NEWS ANALYSIS: Stock market investors can look forward to yet another exchange to trade in soon. At the board meeting held on Monday, SEBI has paved the way for MCX-SX to get permission to start a platform for trading stocks.

High court ruling

SEBI had originally rejected MCX-SX application to start an equity platform. The Bombay High Court set aside this ruling and gave SEBI one month to look afresh at this application.

SEBI’s disagreement with the application was with relation to buyback arrangements entered into by the promoters and warrants given to the two main promoters, MCX and Financial Technologies, in lieu of shares.

SEBI also objected to the above mentioned shareholders jointly holding 10 per cent stake, that was greater than the 5 per cent stipulated under the manner of increasing and maintaining public shareholding (MIMPS) regulation.

Clearing the decks

All these issues have been addressed at SEBI’s board meeting on Monday. The regulator has now clarified that while the warrants issued to the two promoters were not unlawful, they shall be counted towards the promoters’ stake in the company as part of off-balance sheet exposure.

But the regulator has gone on to stipulate that any shareholder holding more than the stipulated limit will have to reduce the stake to “permissible limit within a period which may be extended up to three years from the date of getting approval from SEBI”.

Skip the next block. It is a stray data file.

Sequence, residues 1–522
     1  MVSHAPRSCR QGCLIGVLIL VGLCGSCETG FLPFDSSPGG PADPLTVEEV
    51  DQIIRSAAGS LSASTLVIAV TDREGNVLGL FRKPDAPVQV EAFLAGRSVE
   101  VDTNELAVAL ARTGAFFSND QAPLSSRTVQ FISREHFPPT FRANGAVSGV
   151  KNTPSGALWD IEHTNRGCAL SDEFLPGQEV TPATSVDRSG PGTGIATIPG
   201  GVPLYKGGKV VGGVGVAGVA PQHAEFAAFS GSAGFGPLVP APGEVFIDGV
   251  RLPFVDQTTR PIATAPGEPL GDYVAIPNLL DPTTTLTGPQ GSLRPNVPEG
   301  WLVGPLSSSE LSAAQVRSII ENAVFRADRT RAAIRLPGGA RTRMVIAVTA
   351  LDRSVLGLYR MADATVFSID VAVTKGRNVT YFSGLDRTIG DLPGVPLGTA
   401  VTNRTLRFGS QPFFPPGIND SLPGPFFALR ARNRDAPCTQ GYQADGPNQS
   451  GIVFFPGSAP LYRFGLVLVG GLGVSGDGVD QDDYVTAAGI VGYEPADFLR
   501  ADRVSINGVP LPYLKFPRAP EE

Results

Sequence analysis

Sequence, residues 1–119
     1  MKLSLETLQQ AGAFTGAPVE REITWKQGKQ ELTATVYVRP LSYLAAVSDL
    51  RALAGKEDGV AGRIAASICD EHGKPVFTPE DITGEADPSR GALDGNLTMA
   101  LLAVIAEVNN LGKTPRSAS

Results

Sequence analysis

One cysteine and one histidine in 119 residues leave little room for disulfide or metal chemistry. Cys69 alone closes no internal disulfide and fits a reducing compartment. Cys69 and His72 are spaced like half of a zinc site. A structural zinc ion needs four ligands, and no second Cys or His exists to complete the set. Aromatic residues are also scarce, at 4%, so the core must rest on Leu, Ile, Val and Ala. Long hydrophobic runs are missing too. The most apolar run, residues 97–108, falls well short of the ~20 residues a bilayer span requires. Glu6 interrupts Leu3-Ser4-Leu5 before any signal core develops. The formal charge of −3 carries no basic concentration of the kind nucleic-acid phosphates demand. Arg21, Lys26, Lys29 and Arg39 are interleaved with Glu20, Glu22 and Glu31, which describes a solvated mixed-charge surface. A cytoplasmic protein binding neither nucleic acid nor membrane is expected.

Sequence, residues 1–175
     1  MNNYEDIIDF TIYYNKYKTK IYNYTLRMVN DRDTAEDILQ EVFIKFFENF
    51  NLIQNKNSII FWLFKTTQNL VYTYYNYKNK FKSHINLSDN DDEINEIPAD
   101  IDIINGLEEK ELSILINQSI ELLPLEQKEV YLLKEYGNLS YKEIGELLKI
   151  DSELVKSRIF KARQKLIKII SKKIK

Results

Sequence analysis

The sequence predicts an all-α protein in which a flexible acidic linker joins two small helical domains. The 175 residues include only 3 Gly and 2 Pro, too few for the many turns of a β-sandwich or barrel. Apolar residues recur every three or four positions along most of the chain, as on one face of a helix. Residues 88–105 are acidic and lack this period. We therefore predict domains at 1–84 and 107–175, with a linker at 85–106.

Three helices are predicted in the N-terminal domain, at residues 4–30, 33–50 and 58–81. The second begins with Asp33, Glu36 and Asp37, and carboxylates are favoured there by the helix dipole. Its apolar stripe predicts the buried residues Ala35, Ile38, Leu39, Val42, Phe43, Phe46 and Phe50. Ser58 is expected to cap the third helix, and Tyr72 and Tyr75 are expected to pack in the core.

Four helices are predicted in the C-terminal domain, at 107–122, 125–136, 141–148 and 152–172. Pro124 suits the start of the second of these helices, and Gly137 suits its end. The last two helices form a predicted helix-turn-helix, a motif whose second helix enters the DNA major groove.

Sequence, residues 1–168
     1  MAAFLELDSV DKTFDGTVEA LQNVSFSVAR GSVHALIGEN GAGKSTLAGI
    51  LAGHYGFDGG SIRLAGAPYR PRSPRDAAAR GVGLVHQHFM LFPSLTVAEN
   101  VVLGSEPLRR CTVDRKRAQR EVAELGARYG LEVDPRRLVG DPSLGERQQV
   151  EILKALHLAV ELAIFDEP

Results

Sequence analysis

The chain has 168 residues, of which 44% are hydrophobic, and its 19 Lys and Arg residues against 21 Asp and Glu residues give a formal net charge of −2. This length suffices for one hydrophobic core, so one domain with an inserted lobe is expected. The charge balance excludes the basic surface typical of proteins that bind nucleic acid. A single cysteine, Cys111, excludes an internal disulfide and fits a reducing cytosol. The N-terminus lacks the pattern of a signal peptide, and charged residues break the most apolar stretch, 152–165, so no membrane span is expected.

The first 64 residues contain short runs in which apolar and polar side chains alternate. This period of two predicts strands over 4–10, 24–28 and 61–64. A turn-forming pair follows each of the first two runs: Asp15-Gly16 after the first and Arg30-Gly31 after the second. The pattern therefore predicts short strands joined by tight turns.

In other words, SEBI’s stance that MCX-SX meet the MIMPS regulation before it gets approval for starting an equity platform seems to have changed. MCX-SX could now be given permission to start its equity trading platform. But the promoters could be told to reduce their stake from around 70 per cent (if the warrants are also included) to 5 per cent within three years.

Equitable view

Business Line has held the view that promoters of stock exchanges should also be given reasonable time to reduce their shareholding limit to stipulated levels. This would make stock market regulations similar to that of commodity market and banks.

Promoters can find buyers to divest their stakes only once the operations begin. To insist that shareholding be only 5 per cent prior to the equity platform getting operational was thwarting new entrants and stifling competition. By allowing promoters of new exchanges up to three years to reduce their stake, SEBI has taken an equitable decision.

(This article was published on April 3, 2012)
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